Less Wrong Views

Being neurodivergent, I sometimes fail to communicate my thoughts clearly.

mistake 1: no goals

If we do not aim at targets then we have no way of learning from our mistakes because we have no outcomes to use in the assessment of our actions.

mistake 2: wrong goals

If we harm people in the pursuit of our goals then we can get better at choosing our targets.

mistake 3: too easy goals

If we aim at easy targets we will never accomplish anything of difficulty and may never learn the importance of cooperation.

mistake 4: too difficult goals

If we aim at too difficult goals we will never be able to assess our actions and identify our mistakes.

mistake 5: wrong views

If members of our team have wrong views we will be unable to cooperate and we will be unable to accomplish difficult goals. I am reminded of the elephant who has learned helplessness from an early age. The baby elephant is bound to a location with a leg clamp and learns that resisting the leg clamp is futile. The baby elephant grows into an adult who can resist the leg clamp but does not try to resist the leg clamp because the adult elephant has been broken with training.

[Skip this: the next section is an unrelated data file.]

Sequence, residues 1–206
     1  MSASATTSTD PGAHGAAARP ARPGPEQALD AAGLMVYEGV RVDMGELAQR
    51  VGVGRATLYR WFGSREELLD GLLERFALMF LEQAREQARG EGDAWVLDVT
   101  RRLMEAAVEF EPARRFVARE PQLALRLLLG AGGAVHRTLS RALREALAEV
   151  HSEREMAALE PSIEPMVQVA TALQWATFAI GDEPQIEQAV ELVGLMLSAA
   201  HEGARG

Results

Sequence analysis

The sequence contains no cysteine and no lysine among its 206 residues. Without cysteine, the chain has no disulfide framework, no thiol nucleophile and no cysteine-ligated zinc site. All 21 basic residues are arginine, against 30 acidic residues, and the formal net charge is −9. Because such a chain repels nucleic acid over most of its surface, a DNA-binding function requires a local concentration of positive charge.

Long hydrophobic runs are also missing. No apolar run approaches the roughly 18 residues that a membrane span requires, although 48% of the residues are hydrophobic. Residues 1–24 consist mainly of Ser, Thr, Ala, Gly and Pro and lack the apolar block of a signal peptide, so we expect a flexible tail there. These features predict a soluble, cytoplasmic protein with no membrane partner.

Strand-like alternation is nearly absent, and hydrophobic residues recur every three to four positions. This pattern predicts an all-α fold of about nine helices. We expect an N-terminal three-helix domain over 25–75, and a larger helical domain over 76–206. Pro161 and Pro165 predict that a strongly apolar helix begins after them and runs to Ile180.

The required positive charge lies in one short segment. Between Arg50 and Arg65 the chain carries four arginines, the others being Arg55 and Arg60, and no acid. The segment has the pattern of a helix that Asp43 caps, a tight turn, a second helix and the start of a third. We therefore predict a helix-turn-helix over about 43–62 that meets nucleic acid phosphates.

The most wrong view is the belief that all humans are broken. The human who believes all humans are broken is assuredly broken because they believe it is so. This broken human also believes that all other humans are broken and this prejudice against humans prevents the believer from concerning themselves with the accomplishment of difficult goals when the accomplishment of goals is possible and necessary for solving real problems.

Being interested in the accomplishment of difficult goals is the key for becoming a person who is able to accomplish difficult goals and is able to identify other people who can accomplish difficult goals.

notes

Written by Gavin Palmer practicing a relationship with the Greatest Intentions

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